Asked 11 months ago - Chicago, ILFlag
with the new law obama passed this morning.. i am wondering what procedure to take to help my fiance. he has been here since he was 9 years old and has completed up to one year of college. has no background with breaking any law and we want to get married but are afraid to do it here..
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It depends on how old your fiance is whether the new policy will apply to him. If it does, it does not grant him resident status. Consider meeting with an immigration attorney for a consultation so that they can explain the law to you and you can understand what you are up against.
It would be a mistake to assume that the new law presents the best option for you and your husband. Other options may be available that are actually better. Before getting married and planning your future, it is highly recommended that you contact an immigration attorney.
One such option that may be available is the option of the I-601 waiver of unlawful presence, which would actually grant a Permanent Resident status (Green Card) rather than just a temporary relief from deportation and work permit. This would put one on the path to citizenship. Whether this is available or not depends on many factors.
Dhenu Savla, Esq.
P.S. - To read more about I-601 waivers of unlawful presence, visit www.swagatusa.com/educational-materials
Without going into all the Obama policy basics, here's the simplest solution:
Assuming you are a permanent resident or citizen:
Marry your fiance, file a petition, get it approved, and seek to adjust his status.
If all is well, and he qualifies, that would be easiest.
Naturally, many factors apply, so hire an attorney to get him a green card. But not without a marriage if you want to help him.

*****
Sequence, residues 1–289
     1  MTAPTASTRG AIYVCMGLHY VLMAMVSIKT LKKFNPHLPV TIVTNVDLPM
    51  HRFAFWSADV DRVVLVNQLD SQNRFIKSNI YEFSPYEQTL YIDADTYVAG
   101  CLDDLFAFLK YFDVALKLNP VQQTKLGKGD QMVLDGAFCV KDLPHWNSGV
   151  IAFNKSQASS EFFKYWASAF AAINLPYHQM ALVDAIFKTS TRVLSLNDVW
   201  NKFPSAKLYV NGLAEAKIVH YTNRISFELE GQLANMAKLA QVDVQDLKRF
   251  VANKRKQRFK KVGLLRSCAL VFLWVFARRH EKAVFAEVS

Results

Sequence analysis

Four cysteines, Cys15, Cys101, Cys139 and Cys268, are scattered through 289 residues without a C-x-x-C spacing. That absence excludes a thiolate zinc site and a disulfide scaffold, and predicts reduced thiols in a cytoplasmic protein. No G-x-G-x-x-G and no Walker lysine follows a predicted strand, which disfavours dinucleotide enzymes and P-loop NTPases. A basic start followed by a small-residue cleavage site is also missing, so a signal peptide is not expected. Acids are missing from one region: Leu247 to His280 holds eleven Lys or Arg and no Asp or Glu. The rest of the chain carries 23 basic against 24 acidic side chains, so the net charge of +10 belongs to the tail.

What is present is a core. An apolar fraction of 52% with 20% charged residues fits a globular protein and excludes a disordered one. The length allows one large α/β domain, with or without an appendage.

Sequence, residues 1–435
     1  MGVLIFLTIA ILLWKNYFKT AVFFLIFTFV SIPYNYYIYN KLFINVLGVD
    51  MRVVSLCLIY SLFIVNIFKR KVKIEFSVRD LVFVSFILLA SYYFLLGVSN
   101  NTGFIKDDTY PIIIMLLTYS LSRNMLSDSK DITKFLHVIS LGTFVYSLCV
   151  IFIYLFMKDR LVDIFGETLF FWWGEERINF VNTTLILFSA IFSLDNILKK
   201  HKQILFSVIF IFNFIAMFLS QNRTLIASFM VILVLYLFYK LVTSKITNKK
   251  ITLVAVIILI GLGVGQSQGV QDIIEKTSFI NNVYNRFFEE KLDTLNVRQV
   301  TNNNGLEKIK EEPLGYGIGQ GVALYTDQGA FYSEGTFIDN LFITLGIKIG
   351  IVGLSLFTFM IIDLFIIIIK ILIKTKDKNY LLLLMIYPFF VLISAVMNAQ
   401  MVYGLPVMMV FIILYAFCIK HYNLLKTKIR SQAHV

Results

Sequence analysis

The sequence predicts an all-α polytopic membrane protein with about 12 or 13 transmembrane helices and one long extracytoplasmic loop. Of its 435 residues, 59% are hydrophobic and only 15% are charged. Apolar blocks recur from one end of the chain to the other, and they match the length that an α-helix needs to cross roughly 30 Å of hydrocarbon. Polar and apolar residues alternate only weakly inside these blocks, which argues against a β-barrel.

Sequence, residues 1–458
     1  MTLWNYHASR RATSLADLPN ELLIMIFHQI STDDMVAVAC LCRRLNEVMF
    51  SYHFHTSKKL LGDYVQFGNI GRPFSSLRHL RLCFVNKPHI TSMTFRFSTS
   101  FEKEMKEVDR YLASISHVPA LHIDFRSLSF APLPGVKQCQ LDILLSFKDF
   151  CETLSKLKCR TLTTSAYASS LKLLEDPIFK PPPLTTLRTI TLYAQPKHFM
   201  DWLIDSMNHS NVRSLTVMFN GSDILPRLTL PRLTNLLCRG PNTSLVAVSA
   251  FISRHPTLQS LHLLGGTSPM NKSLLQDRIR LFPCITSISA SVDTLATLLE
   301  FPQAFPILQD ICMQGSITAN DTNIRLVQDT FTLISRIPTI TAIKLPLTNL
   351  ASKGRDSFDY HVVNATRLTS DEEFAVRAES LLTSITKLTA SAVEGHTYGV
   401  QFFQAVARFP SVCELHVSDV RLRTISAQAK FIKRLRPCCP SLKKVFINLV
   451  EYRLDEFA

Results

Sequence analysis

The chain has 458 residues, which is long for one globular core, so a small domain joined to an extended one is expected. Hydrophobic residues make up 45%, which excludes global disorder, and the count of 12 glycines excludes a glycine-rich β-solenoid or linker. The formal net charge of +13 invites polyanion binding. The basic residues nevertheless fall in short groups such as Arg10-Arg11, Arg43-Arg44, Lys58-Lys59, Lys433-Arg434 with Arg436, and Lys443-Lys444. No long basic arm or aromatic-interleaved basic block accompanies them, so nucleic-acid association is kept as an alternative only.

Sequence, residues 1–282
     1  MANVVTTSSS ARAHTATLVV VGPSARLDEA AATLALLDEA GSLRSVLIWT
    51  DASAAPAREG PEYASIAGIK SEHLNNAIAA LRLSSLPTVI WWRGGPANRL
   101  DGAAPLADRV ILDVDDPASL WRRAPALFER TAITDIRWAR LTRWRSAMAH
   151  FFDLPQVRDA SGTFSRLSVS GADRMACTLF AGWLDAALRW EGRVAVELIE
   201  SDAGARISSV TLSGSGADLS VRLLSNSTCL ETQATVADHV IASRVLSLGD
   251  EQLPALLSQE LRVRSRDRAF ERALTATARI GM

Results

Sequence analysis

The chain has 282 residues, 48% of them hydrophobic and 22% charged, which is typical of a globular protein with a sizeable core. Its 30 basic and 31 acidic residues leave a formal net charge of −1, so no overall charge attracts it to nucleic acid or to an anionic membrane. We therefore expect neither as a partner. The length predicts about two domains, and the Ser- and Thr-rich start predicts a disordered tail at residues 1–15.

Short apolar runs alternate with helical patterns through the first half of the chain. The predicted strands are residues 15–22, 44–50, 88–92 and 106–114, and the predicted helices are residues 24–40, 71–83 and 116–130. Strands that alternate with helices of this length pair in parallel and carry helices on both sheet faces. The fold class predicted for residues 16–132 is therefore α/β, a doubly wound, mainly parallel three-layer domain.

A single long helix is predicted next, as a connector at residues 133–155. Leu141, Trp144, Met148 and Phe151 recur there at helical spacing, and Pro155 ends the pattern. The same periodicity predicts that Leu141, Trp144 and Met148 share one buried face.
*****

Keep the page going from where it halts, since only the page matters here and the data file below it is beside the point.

Raheel Shahzad, CPA, Attorney at Law
1. Obama's action is a policy and not a law.
2. USCIS has yet to announce how the application process will be carried on.
3. I will be updating http://engnishimura.com/faqs/deferred-action-yo... as details become available.
4. Obama's policy does not provide immigration status. It only prevents qualifying individuals from being deported and may provide them with a work permit.
The best approach is to schedule a consultation with an immigration attorney. There is more information needed to assess his situation. Did he have permission to enter the US? What is your status - US Citizen? How many years has he been in the US? Does he have any other immediate family members in the US that have a green card or are US citizens? Did any family members with status apply for him? Has he been in the US for more than ten years? Do you or your child have any significant health issues? All of these questions are important - the answers will help determine what the best approach is. Under no circumstances should he leave the United States without consulting an experienced immigration attorney. Any departure from the US now will trigger a ten year bar to re-entry. Such a bar may be overcome if the right circumstances exist.
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